The old curio-shop was half buried in the tumbledown tenement, it were as if some arcane force held the cement at bay, differential by its diminutive size. The man walked in the door and was greeted by a strange old man, the pawnbroker, who stood at the counter. Pawnbroker nodded; wordless and stoic as statuary. The man looked about the shelves, books and baubles, baseballs and baseball cards and trading cards and broken radios; the detritus of dead decades. After some minutes of rummage he chanced upon a glistening statue behind a pile of junk; a brass rat of relative size. He asked the broker how much it would cost. The broker replied, “$10 for the rat. $1000 for the story behind it.”

“I’ll just take the rat. You can keep the story.”

Pawnbroker nodded and took the money as the rummager left the shop and headed out upon the sidewalk. After a pace he heard a scuttling. He looked behind him. Nothing. Continuing on he heard the sound once more. He looked behind him. A filthy, fat rat scurried up behind him from a sewer drain, squishy, amniotic eyes gazing with bottomless hunger, its movements liminal in the sprawl. The man shooed the furry beast away with a hiss, annoyed and disgusted and left off. A few moments later he heard the scuttling once more and, turning, beheld ten rats. Fear seized him like an ephemeral vice. Shortly ten become twenty and twenty became fifty and fifty become a hundred and hundred became hundreds. A chittering mass of claw and teeth and feral desire, the sight thereof pounding his heart’s pistons into manic machinery, ceaselssly sounding behind the blood and the bone.

The man began running now, the little statue tucked under his left arm. He turned sharply and vaulted a fence which let out to the shipping yard adjacent the sea. The rats follow still, their savage increase unabated by time. All their squishy black eyes fixed upon the statue. Realizing this, the man bounded to the edge of the nearest pier and, with a grunt of exertion, hefted the totem in a wide arc, sending it up to met the sun and then down into the briny depths below with a resounding splash. The rats followed without hesitation and spun out into the abyss. Drowning in the vastness of that capricious waste of salt and scale and swirling wetness. The man looked on in shock, the wind then sweeping up as if in mourning of the grotesque affair.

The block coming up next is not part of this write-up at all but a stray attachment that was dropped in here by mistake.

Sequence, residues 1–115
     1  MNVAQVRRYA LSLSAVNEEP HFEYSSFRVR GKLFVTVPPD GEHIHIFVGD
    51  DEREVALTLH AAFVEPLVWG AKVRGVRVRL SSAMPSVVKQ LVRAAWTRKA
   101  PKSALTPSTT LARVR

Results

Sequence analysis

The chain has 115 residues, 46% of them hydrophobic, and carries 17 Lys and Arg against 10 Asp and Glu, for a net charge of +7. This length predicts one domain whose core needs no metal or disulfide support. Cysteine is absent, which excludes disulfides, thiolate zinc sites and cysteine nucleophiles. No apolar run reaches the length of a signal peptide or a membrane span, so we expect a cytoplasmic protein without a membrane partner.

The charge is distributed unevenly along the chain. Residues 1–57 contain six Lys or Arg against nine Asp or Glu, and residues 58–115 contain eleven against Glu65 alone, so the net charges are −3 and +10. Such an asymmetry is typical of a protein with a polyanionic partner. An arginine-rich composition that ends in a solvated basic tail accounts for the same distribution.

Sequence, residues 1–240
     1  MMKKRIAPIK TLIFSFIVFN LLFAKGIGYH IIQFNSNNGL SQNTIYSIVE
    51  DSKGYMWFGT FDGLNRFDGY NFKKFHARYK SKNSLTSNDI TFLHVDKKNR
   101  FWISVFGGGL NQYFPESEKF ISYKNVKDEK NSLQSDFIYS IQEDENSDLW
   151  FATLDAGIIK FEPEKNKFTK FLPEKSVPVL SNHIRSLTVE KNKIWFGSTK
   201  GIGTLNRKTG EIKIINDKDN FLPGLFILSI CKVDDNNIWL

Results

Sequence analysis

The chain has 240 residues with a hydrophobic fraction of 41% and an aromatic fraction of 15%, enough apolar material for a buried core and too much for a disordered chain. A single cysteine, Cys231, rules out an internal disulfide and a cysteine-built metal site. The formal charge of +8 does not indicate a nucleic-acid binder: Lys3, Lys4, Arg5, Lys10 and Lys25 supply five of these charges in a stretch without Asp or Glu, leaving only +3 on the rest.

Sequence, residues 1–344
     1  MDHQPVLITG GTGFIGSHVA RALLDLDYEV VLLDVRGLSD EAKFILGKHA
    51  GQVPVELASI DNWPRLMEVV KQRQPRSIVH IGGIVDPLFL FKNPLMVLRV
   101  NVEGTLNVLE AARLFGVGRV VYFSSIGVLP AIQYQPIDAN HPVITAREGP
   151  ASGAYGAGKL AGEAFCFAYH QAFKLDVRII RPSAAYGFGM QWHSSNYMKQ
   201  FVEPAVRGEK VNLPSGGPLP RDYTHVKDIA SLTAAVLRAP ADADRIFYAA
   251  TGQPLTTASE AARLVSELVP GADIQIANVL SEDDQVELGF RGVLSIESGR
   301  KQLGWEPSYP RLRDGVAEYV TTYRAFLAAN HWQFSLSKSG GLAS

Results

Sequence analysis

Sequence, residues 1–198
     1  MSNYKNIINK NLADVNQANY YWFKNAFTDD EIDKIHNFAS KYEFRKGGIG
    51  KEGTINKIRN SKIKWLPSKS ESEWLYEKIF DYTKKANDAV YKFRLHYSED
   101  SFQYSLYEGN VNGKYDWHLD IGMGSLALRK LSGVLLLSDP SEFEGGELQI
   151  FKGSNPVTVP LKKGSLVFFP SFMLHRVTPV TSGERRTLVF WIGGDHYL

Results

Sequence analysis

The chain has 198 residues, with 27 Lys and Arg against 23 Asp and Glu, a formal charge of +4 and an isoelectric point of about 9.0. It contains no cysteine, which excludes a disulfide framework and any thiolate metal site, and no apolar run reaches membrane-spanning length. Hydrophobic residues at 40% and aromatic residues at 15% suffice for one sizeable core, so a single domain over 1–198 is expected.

The man returned to the curio-shop and slammed his wallet down upon the counter, his eyes intense, fearful and filled with yearning. Pawnbroker met his gaze.

“I take it you’ll be wanting to hear that story now?”

OVERLOOKED FUNDAMENTALS OF FICTION WRITING (PART III)

Passive & Active Character individuation

The accent, cadence, lexiconical reach and narrated description of a character all lend themselves to differentiating them upon the page from every other, however, the former three are oft neglected by burgeoning writers. This is usually a by-product of theme fixation and character repetition and should be guarded against. Having all of your characters speak the same is wrongheaded for obvious reasons and lends itself to a narcissistic reading (even if that reading is incorrect) by the audience; the assumption by critical readers will be – generally – that the author is simply asserting himself through a panoply of different avatars to better pound some pulpit or another. Very tedious and often, quite condescending.

Active individuation is any portion of a story which has a character actually doing something that differentiates him or her or it from the rest of the cast. Manner of speech (and thought, if there are to be internal monologues) here is paramount. If you are from a coastal US region the intricacies of other state accents will be largely foreign to you and likely be beyond your ability to reliably and authentically recreate. If you are writing a story surrounding a poor youth living in the deep south of the US and have little knowledge of the south, for instance, then you’ve some legwork ahead of you. You must study the language of the area, the collective mannerism and phraseology, hammer out the regional accents and home in on a very specific model of speech and stick to it throughout the entirety of the story. Linguistic active individuation is made doubly difficult due to the tendency for most people to write in much the same fashion in which they speak. Social media is a testament to this, where dialectical tendencies can be observed in real-time breaking down along fairly predictable national, ethnic and racial lines. Also of importance, after having garnered a handle on the dialects one wishes to employ within their story, is to take a measure of the dialect continuum to be utilized, where it becomes less intelligible to other groups of your fictional world and where it ends completely and trammels off into total unintelligibity.